In How To Climb The Eiffel Tower, the actual tower serves as a metaphor for aspiration and effort. When the two main characters meet, they talk about how Lara Blaine climbs the Eiffel Tower every Tuesday on the stair stepper at the gym. Jane Babcock-Roberts replies that it is more fun to climb the actual tower in Paris. This short conversation is the beginning of a rich, life affirming friendship. Throughout the novel, the two women return to that conversation as a touchstone of their relationship.
It was fun to research the Eiffel Tower for this book. Even though I had been there several times over the years, here are a few things I learned from research:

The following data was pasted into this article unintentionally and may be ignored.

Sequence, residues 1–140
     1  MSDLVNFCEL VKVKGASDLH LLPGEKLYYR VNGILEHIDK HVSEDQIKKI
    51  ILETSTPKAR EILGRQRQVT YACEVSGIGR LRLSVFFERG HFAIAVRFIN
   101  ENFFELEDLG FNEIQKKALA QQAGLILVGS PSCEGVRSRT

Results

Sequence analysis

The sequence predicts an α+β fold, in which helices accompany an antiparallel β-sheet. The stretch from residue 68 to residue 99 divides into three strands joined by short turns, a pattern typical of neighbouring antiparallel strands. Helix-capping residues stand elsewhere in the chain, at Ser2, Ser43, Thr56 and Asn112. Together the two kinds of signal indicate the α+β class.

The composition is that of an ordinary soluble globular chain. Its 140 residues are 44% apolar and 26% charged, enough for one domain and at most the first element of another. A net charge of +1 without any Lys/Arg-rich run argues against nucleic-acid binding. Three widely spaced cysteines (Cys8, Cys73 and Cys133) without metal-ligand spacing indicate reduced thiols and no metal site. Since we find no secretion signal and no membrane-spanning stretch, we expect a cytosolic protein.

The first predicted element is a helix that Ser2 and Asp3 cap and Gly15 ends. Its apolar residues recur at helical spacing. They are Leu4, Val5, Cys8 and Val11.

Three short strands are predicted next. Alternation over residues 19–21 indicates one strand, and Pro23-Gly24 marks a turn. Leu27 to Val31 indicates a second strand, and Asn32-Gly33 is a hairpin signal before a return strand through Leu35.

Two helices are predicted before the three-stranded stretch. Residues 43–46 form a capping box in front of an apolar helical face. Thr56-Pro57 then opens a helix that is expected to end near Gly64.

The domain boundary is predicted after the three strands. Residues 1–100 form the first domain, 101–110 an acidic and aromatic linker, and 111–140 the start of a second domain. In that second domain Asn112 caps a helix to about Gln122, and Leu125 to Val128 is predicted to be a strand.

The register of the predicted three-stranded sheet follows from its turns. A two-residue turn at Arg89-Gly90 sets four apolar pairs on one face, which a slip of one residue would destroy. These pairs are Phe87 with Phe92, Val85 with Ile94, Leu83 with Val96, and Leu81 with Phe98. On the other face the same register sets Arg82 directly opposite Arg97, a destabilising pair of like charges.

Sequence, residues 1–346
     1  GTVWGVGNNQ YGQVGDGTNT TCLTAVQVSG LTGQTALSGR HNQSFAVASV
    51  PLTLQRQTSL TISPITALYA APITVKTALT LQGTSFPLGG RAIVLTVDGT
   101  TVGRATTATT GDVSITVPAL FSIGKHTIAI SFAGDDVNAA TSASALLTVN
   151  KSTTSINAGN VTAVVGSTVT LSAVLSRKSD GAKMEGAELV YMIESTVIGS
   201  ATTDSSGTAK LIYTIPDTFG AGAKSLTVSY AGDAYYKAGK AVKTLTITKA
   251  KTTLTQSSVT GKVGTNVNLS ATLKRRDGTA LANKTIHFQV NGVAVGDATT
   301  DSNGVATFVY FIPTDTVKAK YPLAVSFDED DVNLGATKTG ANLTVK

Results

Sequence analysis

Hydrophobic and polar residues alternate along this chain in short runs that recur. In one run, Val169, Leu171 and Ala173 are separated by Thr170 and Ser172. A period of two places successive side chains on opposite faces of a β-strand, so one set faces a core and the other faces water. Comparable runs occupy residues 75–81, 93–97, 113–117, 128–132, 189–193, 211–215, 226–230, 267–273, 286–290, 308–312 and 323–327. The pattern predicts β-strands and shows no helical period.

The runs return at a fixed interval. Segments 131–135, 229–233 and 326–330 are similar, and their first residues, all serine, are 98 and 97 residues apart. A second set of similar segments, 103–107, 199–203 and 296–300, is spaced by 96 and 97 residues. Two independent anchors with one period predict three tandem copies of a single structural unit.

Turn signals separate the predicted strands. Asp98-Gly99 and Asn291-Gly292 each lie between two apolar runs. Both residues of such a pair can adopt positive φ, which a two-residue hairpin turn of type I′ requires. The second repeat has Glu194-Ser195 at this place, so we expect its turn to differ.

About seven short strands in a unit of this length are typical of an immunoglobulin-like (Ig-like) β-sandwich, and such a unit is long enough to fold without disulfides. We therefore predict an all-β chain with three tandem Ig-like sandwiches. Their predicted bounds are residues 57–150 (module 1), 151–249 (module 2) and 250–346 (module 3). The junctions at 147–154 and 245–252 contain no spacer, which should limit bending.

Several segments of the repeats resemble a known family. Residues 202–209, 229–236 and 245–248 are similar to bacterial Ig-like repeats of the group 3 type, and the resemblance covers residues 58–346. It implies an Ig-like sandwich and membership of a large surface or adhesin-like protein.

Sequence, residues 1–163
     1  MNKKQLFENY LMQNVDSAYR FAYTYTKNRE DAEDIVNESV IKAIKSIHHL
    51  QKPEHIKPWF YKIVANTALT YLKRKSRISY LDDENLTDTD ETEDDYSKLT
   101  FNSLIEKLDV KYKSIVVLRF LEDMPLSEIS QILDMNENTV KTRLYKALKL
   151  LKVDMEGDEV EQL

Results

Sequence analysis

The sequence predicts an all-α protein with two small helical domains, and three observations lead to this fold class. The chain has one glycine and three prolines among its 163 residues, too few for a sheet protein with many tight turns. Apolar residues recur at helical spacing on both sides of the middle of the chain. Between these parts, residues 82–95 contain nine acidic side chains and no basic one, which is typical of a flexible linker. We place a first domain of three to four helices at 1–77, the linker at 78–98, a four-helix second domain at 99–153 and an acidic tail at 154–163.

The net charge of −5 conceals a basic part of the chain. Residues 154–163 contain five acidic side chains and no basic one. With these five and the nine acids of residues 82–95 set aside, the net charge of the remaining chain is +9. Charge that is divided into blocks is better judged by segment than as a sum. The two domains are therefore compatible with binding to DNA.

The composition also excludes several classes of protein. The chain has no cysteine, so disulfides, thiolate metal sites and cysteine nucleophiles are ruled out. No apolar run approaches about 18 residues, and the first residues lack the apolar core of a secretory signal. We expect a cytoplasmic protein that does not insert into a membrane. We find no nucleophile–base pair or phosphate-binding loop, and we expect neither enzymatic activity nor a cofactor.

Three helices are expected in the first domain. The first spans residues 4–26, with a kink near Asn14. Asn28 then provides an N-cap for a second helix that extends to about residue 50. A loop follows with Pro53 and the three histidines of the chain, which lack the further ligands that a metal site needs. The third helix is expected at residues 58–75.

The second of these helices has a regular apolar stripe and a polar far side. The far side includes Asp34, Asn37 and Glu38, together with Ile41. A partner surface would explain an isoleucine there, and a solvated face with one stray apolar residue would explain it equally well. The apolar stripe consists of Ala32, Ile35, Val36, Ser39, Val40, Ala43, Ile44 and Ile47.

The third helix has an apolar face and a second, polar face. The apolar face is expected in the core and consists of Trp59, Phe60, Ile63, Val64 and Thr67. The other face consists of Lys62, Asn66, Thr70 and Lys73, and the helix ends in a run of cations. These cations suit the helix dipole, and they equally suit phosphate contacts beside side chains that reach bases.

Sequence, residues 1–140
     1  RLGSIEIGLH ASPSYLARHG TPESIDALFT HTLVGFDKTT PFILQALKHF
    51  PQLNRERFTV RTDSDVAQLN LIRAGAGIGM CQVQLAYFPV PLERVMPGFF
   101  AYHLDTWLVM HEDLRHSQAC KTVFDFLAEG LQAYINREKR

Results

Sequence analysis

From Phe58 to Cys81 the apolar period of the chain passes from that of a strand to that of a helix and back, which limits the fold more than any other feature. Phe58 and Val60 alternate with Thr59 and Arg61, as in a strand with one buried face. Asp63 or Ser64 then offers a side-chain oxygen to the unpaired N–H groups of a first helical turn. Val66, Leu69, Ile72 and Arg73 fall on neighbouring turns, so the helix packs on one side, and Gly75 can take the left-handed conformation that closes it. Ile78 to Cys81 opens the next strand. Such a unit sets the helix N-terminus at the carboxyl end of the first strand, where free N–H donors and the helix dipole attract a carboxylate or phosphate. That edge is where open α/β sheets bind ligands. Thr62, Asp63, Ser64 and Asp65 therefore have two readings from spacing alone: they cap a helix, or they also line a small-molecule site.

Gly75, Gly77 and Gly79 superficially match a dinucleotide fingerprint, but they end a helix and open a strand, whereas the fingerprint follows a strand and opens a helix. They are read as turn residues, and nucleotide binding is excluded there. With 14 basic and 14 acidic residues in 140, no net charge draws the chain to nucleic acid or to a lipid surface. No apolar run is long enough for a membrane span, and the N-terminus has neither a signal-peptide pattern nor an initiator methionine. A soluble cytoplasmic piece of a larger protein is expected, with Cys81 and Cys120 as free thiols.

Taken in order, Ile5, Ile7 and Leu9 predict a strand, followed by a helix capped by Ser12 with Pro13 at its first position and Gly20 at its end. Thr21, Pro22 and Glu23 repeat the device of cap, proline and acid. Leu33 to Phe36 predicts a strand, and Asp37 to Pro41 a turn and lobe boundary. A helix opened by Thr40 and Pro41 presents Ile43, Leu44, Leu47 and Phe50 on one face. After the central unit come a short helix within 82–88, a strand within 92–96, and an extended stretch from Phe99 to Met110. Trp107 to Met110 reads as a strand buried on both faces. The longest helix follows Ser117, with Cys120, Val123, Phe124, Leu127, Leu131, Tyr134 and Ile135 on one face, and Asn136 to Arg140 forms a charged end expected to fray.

- The Eiffel Tower was built to be the main exhibit of the Paris Exposition of 1889. It was constructed to commemorate the centennial of the French Revolution and to demonstrate France’s industrial prowess to the world.
- There are 1,710 steps to the top of the tower, although tourists are only allowed to climb the first 704 steps from the ground to the second platform.
- There are 5 billion lights on the tower that can be used to light it up at night.
- Gustave Eiffel used latticed wrought iron to construct the tower to demonstrate that the metal could be as strong as stone while being lighter.